So when it came to writing Mansfield Park’s private theatrical sessions, remembering the events in the Steventon Barn in 1787, Jane Austen chose her play carefully. Clearly using The Wonder was too close to real life for comfort . Lovers Vows however, does give the participants extraordinary license for physical closeness in a way that would not have bene tolerated in real life(even under the negligent eyes of the poor chaperones Mrs Norris or Lady Bertram.) And this is the nub of Jane Austen and Fanny’s disquiet.

Sir Thomas it is certain would not approve of any performance whatsoever. But what he would certainly have disapproved of was the use of a play as a pretext for dangerous love games between engaged couples and their unengaged friends. Fanny’s reaction on first reading Lovers Vows ,with the knowledge of who would play the parts, makes her very uneasy:

The first use she made of her solitude was to take up the volume which had been left on the table, and begin to acquaint herself with the play of which she had heard so much. Her curiosity was all awake, and she ran through it with an eagerness which was suspended only by intervals of astonishment, that it could be chosen in the present instance, that it could be proposed and accepted in a private theatre! Agatha and Amelia appeared to her in their different ways so totally improper for home representation—the situation of one, and the language of the other, so unfit to be expressed by any woman of modesty, that she could hardly suppose her cousins could be aware of what they were engaging in; and longed to have them roused as soon as possible by the remonstrance which Edmund would certainly make.

Chapter 14

Forced involuntarily to watch the rehearsal between Edmund and Mary  in her cold  sanctuary of the East Room, poor Fanny  sees exactly what is going on: no real play-acting this, but an excuse for impropriety of a most dangerous manner:

She could not equal them in their warmth. Her spirits sank under the glow of theirs, and she felt herself becoming too nearly nothing to both to have any comfort in having been sought by either. They must now rehearse together. Edmund proposed, urged, entreated it, till the lady, not very unwilling at first, could refuse no longer, and Fanny was wanted only to prompt and observe them. She was invested, indeed, with the office of judge and critic, and earnestly desired to exercise it and tell them all their faults; but from doing so every feeling within her shrank—she could not, would not, dared not attempt it: had she been otherwise qualified for criticism, her conscience must have restrained her from venturing at disapprobation. She believed herself to feel too much of it in the aggregate for honesty or safety in particulars. To prompt them must be enough for her; and it was sometimes more than enough; for she could not always pay attention to the book. In watching them she forgot herself; and, agitated by the increasing spirit of Edmund’s manner, had once closed the page and turned away exactly as he wanted help. It was imputed to very reasonable weariness, and she was thanked and pitied; but she deserved their pity more than she hoped they would ever surmise. At last the scene was over, and Fanny forced herself to add her praise to the compliments each was giving the other; and when again alone and able to recall the whole, she was inclined to believe their performance would, indeed, have such nature and feeling in it as must ensure their credit, and make it a very suffering exhibition to herself. Whatever might be its effect, however, she must stand the brunt of it again that very day.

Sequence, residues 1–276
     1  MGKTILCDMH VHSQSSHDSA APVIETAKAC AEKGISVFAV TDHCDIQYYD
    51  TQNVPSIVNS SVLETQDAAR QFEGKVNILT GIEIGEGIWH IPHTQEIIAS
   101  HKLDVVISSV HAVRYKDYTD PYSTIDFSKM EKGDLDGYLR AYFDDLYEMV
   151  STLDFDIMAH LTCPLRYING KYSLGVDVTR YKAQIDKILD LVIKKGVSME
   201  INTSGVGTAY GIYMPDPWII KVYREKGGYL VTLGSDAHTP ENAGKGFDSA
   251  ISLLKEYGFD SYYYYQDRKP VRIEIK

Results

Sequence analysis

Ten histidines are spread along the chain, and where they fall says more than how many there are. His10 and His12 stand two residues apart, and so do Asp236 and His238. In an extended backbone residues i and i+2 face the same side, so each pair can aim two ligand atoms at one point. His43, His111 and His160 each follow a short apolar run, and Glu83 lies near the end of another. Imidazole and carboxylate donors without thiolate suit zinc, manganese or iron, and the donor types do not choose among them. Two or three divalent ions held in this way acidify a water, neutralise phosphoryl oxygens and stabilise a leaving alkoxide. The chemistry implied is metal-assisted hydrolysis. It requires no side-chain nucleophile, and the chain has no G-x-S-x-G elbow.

Chapter 18

This reflects I am sure, the feelings Jane Austen had as she watched her brothers and cousin play out their fantasies in public in the barn at Steventon all those years ago. Jane Austen saw the dangerous consequences of using private theatricals as a screen for playing a rather more dangerous game. And that is why Fanny was so censorious. She was, in my humble opinion,  reflecting Jane Austen’s dislike of the hypocrisy  to be found when “lovers” use such a situation to their own advantage.